But Tibet itself eluded Peissel—because of a book he wrote. It was a spin-off from his Mustang trip—a book called The Cavaliers of Kham, published in 1972. This book, about Tibetan Khampa guerrillas operating in Mustang with CIA support, became a bestseller—and it got Peissel into lots of trouble. In the book, Peissel detailed China's genocidal policies in Tibet, and systematic destruction of monasteries, and although he was tight-lipped on CIA backing for the Khampas, it was enough to provoke considerable reaction. "The Chinese were furious with me—they banned me from visiting China. I upset the Americans—they were angry about this story leaking out. And I upset the Nepalese. But to the Tibetans I was a hero because I spoke up about the plight of the Tibetans—and at that time, nobody was doing that." Peissel was blacklisted in China, which meant he was barred from reaching Tibet.

Peissel's book was published before the final chapter could be written—the betrayal of the Khampa guerrillas, who were snuffed out by Nepalese forces in 1974 under Chinese pressure: all the Khampas were either killed or captured. Because of its political sensitivity, soon after Peissel's visit, Mustang was closed down to outsiders—for over 25 years. When it re-opened in the early 1990s, Peissel made a trip back to Mustang on horseback. I was among those who later trekked in: Peissel's book on Mustang was my inspiration and my guide. Little seemed to have changed since the book was first printed: in fact, the king still ruled over the tiny kingdom, and Peissel's key contact in Mustang—a man called Pemba—was still there, running a small shop.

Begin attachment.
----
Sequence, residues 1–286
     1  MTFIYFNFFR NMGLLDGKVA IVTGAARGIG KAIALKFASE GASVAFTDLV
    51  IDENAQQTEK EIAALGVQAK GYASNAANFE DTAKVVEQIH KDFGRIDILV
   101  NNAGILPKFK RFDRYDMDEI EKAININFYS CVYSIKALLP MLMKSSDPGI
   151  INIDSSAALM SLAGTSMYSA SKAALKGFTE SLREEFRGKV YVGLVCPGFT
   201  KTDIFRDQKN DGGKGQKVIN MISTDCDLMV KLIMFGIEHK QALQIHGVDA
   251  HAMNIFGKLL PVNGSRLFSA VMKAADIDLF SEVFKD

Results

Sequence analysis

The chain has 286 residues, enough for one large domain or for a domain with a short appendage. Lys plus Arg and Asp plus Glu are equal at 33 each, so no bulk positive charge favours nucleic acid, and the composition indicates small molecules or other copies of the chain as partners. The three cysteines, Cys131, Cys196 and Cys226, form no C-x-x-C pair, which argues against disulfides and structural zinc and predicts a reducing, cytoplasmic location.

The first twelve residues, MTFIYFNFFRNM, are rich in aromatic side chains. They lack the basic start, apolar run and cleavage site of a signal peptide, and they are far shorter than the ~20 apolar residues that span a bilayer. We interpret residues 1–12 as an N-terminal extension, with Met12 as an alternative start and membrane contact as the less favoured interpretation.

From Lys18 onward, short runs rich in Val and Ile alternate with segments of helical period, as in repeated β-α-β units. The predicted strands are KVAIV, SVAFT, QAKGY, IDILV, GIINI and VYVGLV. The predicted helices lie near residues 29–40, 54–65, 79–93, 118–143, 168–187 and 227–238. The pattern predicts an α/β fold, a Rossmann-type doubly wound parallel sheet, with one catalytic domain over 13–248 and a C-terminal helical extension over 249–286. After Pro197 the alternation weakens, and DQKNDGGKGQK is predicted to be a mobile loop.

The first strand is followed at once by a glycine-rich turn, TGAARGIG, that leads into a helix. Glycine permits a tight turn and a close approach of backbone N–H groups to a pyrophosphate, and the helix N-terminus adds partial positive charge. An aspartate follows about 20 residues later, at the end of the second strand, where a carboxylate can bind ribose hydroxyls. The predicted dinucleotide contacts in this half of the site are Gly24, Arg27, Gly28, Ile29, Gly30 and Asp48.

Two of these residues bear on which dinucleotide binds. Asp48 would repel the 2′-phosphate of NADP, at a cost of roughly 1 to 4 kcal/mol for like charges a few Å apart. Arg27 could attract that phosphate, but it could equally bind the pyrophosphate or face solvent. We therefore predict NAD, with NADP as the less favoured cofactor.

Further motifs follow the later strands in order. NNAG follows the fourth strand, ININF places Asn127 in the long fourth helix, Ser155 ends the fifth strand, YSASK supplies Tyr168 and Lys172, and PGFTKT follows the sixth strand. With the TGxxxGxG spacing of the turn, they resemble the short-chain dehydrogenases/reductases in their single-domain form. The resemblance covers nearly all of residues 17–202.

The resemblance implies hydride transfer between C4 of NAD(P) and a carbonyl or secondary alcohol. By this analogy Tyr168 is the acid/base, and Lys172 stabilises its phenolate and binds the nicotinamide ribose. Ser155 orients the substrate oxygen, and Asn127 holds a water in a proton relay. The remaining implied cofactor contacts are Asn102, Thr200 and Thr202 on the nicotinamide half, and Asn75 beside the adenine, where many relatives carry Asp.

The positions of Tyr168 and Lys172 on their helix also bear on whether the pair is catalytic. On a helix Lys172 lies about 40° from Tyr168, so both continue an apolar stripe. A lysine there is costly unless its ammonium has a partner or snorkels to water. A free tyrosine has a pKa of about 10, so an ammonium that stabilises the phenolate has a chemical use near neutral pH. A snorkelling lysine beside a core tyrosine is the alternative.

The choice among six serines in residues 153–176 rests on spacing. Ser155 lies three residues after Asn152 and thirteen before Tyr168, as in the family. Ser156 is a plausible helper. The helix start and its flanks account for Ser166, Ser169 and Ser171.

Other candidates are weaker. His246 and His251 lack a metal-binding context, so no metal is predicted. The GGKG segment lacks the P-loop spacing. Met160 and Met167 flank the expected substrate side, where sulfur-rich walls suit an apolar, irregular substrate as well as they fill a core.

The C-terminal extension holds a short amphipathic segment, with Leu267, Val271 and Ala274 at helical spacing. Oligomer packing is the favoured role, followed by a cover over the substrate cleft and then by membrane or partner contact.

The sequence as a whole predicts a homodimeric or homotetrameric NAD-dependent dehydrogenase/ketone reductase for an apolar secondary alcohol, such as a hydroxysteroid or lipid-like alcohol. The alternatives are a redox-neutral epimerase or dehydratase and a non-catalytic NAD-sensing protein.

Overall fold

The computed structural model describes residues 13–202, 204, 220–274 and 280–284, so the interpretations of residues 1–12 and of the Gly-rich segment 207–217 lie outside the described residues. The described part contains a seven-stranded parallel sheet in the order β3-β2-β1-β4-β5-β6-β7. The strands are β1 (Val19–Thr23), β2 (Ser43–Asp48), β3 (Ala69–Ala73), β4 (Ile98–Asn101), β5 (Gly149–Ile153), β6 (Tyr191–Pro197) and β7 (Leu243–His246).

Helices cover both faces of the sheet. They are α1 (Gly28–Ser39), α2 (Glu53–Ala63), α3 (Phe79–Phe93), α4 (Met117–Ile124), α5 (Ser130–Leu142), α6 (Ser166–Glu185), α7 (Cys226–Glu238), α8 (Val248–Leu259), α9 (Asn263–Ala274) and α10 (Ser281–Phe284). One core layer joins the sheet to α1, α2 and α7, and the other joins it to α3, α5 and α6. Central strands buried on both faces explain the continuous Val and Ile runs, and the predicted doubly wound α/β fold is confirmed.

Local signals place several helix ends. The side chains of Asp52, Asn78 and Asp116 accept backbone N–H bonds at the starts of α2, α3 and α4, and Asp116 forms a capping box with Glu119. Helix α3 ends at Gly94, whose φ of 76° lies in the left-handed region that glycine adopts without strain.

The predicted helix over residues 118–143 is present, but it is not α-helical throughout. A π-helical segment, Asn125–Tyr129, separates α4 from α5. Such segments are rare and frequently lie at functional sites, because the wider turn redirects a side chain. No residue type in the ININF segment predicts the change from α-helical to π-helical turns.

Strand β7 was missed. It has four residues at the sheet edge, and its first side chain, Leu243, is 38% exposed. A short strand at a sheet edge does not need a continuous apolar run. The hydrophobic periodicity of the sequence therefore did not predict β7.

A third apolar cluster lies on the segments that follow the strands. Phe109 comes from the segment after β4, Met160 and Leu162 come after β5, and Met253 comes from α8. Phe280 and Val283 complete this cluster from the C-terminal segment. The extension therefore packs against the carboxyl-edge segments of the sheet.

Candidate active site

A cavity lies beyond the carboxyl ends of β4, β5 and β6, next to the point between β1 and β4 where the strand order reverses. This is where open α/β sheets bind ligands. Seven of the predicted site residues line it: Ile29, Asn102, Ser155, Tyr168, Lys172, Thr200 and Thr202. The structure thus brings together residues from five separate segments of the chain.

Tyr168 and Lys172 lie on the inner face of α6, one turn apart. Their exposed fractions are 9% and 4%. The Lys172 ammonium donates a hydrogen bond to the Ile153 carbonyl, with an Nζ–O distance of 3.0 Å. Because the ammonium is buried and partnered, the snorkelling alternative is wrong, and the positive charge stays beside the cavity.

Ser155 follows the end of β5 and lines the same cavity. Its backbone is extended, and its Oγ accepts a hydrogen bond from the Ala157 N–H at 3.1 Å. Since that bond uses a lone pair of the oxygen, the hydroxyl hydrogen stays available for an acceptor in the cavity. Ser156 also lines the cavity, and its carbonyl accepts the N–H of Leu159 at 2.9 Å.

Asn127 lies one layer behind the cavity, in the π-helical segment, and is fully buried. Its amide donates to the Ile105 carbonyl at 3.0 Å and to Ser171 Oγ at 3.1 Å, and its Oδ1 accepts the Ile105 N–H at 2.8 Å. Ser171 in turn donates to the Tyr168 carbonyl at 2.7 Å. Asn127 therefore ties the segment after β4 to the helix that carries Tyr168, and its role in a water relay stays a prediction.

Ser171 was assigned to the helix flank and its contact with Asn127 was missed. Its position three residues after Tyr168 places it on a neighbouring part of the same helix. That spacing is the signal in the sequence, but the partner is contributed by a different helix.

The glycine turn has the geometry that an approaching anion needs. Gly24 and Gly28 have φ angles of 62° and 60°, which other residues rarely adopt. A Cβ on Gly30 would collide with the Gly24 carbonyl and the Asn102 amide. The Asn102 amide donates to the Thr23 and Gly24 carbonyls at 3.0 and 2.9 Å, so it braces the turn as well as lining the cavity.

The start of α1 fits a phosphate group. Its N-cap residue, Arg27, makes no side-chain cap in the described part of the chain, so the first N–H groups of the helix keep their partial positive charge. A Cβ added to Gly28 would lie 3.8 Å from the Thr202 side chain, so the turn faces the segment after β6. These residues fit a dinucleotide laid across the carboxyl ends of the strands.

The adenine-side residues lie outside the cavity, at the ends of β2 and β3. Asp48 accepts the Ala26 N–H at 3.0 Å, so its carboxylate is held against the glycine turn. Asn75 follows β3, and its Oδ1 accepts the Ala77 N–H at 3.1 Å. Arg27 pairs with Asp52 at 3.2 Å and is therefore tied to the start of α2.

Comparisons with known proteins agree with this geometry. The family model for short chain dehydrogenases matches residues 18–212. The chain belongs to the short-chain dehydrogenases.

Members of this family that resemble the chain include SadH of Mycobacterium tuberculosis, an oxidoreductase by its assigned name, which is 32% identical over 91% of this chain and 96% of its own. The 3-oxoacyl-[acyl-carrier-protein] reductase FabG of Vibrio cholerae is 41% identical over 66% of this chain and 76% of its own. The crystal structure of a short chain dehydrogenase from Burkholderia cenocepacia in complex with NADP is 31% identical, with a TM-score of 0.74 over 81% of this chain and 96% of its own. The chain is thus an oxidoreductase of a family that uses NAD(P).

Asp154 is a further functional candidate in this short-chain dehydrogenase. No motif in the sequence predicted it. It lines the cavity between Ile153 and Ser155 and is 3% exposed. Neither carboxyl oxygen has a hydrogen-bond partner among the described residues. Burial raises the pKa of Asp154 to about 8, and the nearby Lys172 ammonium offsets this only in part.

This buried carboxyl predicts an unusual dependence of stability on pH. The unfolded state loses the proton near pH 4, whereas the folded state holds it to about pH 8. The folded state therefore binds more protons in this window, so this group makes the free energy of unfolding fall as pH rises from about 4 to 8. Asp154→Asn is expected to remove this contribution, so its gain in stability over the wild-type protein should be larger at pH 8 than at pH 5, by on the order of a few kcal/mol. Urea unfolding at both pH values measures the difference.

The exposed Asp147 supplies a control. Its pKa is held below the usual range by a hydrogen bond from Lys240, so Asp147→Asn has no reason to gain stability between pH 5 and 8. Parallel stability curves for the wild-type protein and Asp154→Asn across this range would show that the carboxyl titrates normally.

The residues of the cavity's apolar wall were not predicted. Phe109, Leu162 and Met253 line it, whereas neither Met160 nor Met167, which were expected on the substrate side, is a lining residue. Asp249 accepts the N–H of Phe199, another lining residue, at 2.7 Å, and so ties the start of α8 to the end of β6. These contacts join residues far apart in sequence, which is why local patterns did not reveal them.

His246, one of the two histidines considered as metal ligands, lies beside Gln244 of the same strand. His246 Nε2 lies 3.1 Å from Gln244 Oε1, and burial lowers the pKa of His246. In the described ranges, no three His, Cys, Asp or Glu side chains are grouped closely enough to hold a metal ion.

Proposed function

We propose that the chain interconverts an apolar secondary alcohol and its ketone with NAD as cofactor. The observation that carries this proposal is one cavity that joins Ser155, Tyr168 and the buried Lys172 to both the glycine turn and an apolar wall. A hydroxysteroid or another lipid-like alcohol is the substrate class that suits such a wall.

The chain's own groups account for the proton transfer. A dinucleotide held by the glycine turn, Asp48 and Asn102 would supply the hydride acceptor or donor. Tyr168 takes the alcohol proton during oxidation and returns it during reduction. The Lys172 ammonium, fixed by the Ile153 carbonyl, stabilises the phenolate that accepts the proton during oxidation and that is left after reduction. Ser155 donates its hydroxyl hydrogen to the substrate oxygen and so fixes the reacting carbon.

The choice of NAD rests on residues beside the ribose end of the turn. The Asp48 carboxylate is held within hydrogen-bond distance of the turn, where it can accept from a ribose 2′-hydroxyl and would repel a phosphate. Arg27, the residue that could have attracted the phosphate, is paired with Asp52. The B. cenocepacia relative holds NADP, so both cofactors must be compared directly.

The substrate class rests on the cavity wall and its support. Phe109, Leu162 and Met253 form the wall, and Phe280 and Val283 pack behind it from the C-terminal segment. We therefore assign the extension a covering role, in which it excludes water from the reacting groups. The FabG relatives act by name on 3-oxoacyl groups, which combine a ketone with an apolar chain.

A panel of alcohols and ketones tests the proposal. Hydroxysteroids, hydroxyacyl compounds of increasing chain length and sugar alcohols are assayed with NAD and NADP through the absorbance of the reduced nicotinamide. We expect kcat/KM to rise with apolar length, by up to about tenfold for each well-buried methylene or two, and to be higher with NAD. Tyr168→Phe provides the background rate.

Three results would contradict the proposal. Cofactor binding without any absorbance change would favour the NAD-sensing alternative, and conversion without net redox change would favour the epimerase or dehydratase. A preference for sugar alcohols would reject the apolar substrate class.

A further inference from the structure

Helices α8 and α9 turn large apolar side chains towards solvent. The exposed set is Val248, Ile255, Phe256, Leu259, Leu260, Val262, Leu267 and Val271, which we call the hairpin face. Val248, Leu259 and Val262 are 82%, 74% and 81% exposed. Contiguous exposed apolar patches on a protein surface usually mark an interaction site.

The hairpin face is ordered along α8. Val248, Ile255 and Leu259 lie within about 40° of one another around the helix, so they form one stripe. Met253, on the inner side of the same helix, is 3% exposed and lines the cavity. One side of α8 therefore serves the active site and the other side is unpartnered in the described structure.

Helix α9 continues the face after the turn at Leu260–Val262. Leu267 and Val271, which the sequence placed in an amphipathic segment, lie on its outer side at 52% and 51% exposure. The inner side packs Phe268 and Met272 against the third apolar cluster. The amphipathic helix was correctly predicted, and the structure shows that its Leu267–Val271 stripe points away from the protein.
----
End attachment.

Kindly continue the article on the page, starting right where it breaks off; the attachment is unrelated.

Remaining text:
Now all material on the Khampa guerrillas and CIA is declassified, leading to a recent flurry of publishing, with some titles authored by former CIA operatives. The books essentially back up what Peissel wrote about 30 years ago. Meanwhile, Peissel fictionalised the setting by writing two novels in French—La Tibétaine (1989) and La Khamba (1996)—which have been optioned as Hollywood movies.

—the full profile on Michel Peissel can be found in the book Eccentric Explorers.

Michel Peissel died of a heart attack in Paris, on October 7, 2011, at the age of 74. On the day he died, he had tickets to travel to Frankfurt Book Fair to promote his latest book, said his wife, Roselyne Peissel. "Travel with him was always a triumph over the impossible," said one of his sons, Olivier, a sometime travel companion.


This material © copyright Michael Buckley. All rights reserved.